State and politics
Poland's current constitution was approved in a
referendum in 1997 and makes the country a parliamentary
The Legislative Assembly consists of a lower house (sejm)
and an upper house (senate).
The Sejm has 460 and the Senate 100 members, and both
chambers are elected every four years in general elections. See ABBREVIATIONFINDER for how PL can stand for Poland.
Parties must get 5 percent and party alliances 8 percent
to enter the Sejm, but exceptions apply to parties
representing minority groups. The senators are elected
according to the majority principle in separate
It is the Sejm that adopts laws, and the Senate can
recommend rejections, changes or additions.
The president has the right to veto bills, but Parliament
can veto it. The president is elected by the people and can
sit for a maximum of two five-year terms. The President
appoints the Prime Minister, who must, however, be approved
by the Sejm. Thus, it is the majority of the seism who gets
the last word.
The government has the executive power and is responsible
for the legislative seal. A government that does not have a
majority in the Sejm can be felled only if there is a
majority for another government.
Although the powers of the presidential office are
limited, the president has great authority as head of state,
and overall responsibility for foreign and defense policy as
well as a certain appointment. The president can also take
the initiative for referendums.
After several changes during the period following the
fall of communism, political life today is dominated by two
parties: the liberal and European- friendly Platforma
Obywatelska ('Citizens' Platform ', PO) led by Ewa
Kopacz and the more conservative and nationalist Prawo
in Sprawiedliwość (' Law and Justice ', PiS) under the
direction of Jarosław Kaczyński.
The Social Democratic Party Sojusz Lewicy
Demokratycznej ('Democratic Left Alliance', SLD), which
ruled from 1993-97 and 2001-05, has gradually lost influence
and ended up out of parliament in 2015. In the 2019
election, SLD gained popularity and captured 49 seats.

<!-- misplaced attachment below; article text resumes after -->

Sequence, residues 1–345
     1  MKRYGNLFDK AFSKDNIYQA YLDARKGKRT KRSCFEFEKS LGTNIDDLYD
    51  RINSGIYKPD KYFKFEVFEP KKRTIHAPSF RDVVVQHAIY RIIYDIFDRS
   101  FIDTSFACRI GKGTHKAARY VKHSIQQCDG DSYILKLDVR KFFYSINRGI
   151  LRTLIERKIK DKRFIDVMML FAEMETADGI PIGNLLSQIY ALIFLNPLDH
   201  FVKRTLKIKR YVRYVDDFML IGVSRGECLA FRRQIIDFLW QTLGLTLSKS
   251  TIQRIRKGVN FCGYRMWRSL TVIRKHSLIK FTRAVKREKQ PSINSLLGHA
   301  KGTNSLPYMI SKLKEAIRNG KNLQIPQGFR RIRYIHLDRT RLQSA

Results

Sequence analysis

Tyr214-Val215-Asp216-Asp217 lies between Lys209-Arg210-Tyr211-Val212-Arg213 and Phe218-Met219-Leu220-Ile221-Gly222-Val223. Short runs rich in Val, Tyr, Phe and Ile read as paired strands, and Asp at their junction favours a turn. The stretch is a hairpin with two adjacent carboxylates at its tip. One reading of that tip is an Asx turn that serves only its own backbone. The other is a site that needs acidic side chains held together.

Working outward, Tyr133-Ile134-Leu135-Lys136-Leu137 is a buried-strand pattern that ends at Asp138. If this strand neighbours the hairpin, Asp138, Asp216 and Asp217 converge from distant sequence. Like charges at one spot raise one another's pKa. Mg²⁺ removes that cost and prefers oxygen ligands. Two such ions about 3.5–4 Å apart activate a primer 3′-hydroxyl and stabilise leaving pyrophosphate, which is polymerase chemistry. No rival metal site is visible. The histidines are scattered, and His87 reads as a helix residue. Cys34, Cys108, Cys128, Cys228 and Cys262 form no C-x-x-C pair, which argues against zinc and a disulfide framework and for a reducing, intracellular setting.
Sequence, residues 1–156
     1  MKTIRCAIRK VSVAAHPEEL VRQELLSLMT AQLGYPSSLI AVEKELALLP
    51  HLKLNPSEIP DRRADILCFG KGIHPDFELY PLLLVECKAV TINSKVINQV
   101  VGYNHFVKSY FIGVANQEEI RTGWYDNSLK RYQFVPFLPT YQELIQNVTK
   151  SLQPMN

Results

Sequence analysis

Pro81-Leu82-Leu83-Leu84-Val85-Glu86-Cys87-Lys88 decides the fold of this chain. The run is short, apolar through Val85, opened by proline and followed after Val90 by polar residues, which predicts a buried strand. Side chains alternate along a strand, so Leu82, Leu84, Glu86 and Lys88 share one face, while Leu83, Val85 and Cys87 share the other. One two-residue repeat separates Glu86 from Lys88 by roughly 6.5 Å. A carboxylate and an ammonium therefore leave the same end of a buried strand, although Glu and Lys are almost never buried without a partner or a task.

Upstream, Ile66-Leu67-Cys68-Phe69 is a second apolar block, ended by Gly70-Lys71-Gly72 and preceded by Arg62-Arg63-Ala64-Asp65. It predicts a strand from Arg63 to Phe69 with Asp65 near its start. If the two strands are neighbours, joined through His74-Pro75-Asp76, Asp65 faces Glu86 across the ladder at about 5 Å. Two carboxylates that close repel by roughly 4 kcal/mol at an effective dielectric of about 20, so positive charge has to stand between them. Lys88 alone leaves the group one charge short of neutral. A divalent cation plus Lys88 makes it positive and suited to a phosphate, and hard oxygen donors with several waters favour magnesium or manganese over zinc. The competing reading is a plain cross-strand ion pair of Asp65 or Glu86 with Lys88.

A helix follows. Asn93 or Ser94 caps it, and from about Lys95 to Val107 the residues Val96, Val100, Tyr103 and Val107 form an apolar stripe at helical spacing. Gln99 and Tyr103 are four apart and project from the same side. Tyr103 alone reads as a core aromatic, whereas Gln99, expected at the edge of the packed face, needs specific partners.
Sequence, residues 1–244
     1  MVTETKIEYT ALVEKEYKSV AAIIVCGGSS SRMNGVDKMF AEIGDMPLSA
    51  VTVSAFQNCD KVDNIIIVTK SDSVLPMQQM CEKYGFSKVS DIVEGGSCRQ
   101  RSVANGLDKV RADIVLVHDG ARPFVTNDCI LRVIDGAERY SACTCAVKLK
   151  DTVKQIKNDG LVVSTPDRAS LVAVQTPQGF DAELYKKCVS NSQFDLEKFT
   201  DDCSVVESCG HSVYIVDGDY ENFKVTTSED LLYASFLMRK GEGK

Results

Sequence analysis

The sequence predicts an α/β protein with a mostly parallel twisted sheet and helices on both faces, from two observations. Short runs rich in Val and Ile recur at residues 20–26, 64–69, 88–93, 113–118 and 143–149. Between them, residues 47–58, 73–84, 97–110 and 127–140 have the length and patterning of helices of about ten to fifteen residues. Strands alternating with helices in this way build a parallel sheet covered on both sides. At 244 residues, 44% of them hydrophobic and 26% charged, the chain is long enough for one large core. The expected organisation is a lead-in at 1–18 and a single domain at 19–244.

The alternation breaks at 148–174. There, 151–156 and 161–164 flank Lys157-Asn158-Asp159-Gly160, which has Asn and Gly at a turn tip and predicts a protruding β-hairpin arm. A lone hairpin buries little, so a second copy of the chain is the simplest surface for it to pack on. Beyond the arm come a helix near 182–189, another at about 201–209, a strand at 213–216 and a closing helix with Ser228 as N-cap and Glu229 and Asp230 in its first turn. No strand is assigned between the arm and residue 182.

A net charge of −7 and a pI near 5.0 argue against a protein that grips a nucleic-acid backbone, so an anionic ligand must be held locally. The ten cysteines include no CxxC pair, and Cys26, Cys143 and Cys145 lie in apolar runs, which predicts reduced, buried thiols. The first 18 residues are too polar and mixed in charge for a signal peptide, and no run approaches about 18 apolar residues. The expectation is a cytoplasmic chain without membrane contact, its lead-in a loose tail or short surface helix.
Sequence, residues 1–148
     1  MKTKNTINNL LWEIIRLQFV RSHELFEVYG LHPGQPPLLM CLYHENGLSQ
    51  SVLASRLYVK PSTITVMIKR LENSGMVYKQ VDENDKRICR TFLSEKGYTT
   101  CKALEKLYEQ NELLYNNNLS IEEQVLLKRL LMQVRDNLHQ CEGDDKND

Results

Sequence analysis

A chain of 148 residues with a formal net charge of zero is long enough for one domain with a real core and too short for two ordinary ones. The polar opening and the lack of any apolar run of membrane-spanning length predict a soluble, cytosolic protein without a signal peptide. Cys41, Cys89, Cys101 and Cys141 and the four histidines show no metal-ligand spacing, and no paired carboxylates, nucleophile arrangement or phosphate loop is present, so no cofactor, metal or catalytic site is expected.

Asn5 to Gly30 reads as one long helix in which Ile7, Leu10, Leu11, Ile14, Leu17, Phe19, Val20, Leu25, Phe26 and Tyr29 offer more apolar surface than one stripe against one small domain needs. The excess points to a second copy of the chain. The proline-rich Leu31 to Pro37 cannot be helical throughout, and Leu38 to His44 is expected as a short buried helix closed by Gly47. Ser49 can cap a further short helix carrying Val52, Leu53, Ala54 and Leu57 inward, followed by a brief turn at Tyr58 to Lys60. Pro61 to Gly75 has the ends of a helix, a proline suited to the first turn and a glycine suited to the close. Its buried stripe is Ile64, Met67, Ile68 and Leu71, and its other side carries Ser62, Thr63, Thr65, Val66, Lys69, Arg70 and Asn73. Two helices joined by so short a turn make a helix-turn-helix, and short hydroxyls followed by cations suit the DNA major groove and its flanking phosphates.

Prior to the 2015 parliamentary elections, it formed an
alliance with a number of left and environmental parties
under the name Zjednoczona Lewica ('United Left',
ZL). Other new parties for the 2015 parliamentary elections
were the Liberal Nowoczes ('Modern', N), formed in
2015 by economist Ryszard Petru (born 1972), and right-wing
populist Kukiz'15 (K'15), who himself does not
refer to himself as a political party but a movement with
one of its main goals of abolishing party politics. K'15 is
led by Paweł Kukiz (born 1963).
There is also a peasant movement, Polskie Stronnictwo
Ludowe ('Polish People's Party', PSL). In the 2019
elections, PSL and K'15 formed an alliance that received 30
Other parties, including several breakouts from PiS,
receive only a few percent in the opinion polls. After the
2015 elections, a minority party sat in the sejm:
Mniejszość Niemiecka (MN), representing the German
minority in Poland. In the 2019 elections, the party
received a mandate in the Sejm.
The populist coalition parties of the Kaczyński
government in 2005–07, the ultra-conservative Liga
Polskich Rodzin ("Polish Confederation of Families",
LPR) and the populist Samoo Bridge
("Self-Defense") have disappeared from Parliament and
dissolved. Instead, another party, the Confederation, which
is a compilation of ultranationalists and market liberals,
got its seat in the 2019 Sejm.
In the 1990s, the party was Unia Demokratyczna
("Democratic Union", the Foreign Ministry), later Unia
Wolności ("Freedom Union", UW), mainly responsible for
the reforms that followed the fall of the Communist
dictatorship in 1989. Nowadays, several activists from this
party, including the first Democratic Prime Minister Tadeusz
Mazowiecki, acting as ministers and advisers in the
president's office. Others are in the PO.
Since Donald Tusk was appointed President of the European
Council in 2014, the Prime Minister's post was taken over by
Ewa Kopacz. Following the 2015 election victory for PiS,
Beata Szydło assumed the post of Prime Minister. She
resigned in 2017 and was replaced by Mateusz Morawiecki
The Conservative and Nationalist Party Law and Justice
had strong public support for the 2019 parliamentary
elections. The party also secured government power for
another term of office. The reversal of the party's strategy
that brought PiS to power in 2015, to appear less radical
and with a social commitment, once again proved viable. In
contrast, the party lost its majority in the upper house,
the Senate, where the opposition now has 51 seats compared
to the government's 49. The result weakens PiS's influence
over the legislative process.
PiS's popularity is rooted in a generally conservative
opinion in Poland on issues of gender roles, abortion and